- Healthier friends and family, since secondhand smoke is a leading cause of lung cancer, asthma, COPD, and many other diseases. Read 10 Adverse Health Effects of Secondhand Smoke for more information.
In general, quitting smoking at any age can give back many years of life that you would lose if you continue to harm your body — and the health of those around you — with tobacco.
Immediate Benefits of Quitting Smoking
Health benefits aside, here are some of the additional rewards of quitting smoking that you will notice right away:
- Save more money. The average retail price of cigarettes in the United States is $6.65 per pack
- Since your sense of smell and taste will return to normal, you may enjoy food and drinks better
- Your teeth and fingernails stop yellowing
- Your clothes, hair, and breath smell better
- You can have more quality time with your friends and family instead of constantly having to excuse yourself to smoke outside
- Normal everyday activities, such as climbing stairs, will no longer leave you out of breath
- Your sex life will improve since smoking increases men’s risk of erectile dysfunction and reduces women’s genital lubrication and orgasm frequency
- Look younger, since the damaging effects of tobacco include premature wrinkling of the skin, gum disease, and tooth loss
Quitting Cigarettes vs. Quitting Vaping — What’s the Difference?
Vaping may seem less harmful when it comes to smoking. Though there is some truth to this, e-liquids or e-juices still contain nicotine and other toxic chemicals, many of which are present in regular cigarettes. Even some vapes and e-cigarettes that claim to be nicotine-free still contain the psychoactive ingredient.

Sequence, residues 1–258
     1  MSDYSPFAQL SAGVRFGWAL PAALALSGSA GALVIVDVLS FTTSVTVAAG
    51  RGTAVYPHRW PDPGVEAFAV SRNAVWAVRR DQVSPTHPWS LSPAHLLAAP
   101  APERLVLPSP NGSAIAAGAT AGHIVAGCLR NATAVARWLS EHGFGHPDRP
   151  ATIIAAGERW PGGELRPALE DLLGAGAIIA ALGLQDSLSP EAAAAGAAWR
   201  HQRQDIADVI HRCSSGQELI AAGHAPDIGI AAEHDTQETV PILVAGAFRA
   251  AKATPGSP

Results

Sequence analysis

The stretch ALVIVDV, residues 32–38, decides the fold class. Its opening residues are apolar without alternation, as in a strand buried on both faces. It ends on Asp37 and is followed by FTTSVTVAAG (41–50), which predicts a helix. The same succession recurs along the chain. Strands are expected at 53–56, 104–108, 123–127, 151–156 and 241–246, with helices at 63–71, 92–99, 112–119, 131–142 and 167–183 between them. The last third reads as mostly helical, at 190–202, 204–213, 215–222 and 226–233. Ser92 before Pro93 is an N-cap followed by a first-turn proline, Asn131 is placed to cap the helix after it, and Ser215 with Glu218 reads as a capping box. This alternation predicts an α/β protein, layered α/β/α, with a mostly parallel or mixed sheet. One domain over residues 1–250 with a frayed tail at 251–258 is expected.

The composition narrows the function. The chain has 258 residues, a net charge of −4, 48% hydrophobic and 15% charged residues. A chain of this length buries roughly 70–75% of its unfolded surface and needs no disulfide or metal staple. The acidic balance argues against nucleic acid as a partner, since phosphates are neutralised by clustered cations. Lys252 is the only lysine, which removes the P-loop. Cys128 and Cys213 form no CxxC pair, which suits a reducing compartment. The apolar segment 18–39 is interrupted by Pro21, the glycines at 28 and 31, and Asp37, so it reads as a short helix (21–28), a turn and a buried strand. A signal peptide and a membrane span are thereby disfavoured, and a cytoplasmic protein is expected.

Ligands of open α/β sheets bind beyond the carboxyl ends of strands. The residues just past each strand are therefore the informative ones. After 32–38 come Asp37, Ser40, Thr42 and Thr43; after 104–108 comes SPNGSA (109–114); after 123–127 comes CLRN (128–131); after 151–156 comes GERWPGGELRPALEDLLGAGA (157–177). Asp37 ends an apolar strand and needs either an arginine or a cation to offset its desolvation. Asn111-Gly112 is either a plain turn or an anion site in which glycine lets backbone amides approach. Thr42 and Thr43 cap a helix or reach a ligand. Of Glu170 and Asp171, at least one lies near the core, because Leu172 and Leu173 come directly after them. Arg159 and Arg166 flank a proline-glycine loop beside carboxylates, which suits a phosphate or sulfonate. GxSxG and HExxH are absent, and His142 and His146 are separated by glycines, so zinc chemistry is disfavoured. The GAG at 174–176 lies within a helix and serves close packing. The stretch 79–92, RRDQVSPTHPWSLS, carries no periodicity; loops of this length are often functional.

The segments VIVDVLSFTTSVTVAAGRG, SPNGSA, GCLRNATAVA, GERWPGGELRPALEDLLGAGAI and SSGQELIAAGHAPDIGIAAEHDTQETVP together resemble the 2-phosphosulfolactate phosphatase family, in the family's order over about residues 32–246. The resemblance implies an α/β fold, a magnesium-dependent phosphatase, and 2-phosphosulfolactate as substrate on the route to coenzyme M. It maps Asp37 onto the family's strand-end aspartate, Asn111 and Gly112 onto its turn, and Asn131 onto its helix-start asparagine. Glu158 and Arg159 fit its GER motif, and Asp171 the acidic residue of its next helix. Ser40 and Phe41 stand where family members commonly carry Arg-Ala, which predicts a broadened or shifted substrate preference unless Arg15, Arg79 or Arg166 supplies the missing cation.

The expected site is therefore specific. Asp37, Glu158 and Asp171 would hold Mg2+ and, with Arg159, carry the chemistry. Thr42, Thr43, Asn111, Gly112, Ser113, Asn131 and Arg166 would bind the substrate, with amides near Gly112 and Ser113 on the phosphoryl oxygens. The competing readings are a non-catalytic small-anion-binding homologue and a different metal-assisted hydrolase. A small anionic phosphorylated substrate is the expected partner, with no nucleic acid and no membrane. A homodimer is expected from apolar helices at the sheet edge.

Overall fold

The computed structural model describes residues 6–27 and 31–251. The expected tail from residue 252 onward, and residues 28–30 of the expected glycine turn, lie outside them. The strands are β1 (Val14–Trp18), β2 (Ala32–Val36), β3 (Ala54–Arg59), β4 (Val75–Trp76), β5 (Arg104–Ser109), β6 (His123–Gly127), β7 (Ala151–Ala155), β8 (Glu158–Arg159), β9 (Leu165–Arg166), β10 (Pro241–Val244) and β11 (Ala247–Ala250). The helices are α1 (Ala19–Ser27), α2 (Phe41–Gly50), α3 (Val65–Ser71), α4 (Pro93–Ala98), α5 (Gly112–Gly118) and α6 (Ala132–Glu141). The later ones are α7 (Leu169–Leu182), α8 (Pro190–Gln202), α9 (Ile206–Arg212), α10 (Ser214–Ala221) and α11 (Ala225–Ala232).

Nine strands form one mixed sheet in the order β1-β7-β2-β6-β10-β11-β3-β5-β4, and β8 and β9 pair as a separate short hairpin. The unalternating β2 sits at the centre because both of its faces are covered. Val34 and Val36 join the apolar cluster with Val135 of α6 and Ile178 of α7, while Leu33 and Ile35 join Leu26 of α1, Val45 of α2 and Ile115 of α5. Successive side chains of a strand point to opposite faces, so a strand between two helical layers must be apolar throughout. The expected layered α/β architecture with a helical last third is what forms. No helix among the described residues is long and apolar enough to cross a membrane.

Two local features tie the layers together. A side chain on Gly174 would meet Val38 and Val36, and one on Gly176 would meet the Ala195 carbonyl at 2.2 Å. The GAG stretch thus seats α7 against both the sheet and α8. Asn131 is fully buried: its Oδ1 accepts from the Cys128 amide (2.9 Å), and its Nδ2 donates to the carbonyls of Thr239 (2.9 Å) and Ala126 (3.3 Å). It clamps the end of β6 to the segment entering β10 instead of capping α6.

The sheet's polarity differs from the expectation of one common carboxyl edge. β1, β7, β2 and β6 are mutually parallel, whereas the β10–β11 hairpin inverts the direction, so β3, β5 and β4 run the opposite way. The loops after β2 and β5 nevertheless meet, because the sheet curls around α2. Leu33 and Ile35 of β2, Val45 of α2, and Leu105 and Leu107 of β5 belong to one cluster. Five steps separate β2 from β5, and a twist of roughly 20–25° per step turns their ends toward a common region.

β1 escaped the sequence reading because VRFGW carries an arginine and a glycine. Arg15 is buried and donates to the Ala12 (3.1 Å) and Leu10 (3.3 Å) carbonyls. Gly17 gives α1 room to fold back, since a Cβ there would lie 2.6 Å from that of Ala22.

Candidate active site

In conclusion, although some evidence suggests that vaping may help people quit smoking, the Food and Drug Administration (FDA) has not approved e-cigarettes as a replacement therapy or aid for smoking cessation.
The Bottom Line
Smoking can create a number of negative effects on your health, such as an increased risk of developing serious disorders like cancer, diabetes, and coronary heart disease. It can also lead to premature death. Therefore, even though quitting can be difficult, the benefits to your health are well worth it.
Find a Professional to Help You Quit
If you are ready but struggling to quit for good, your doctor can help you rid your life of tobacco. Your doctor can give you medications that may help you quit, or they can refer you to specialists in smoking cessation.
You can also get the help you need through the American Lung Association’s program, Freedom From Smoking, or dial 1-800-QUIT-NOW to get in contact with trained counselors in all states.
About New Hope Unlimited
Even though quitting smoking equips you with a shield to defend against lung cancer and other diseases, sometimes, the unpredictability of cancer can still strike you. If you or someone close to you received a cancer diagnosis, the doctors here at New Hope Medical Center specialize in comprehensive treatments that target cancer and foster healthy living during survivorship. Call us at 480-666-1403 to schedule a consultation.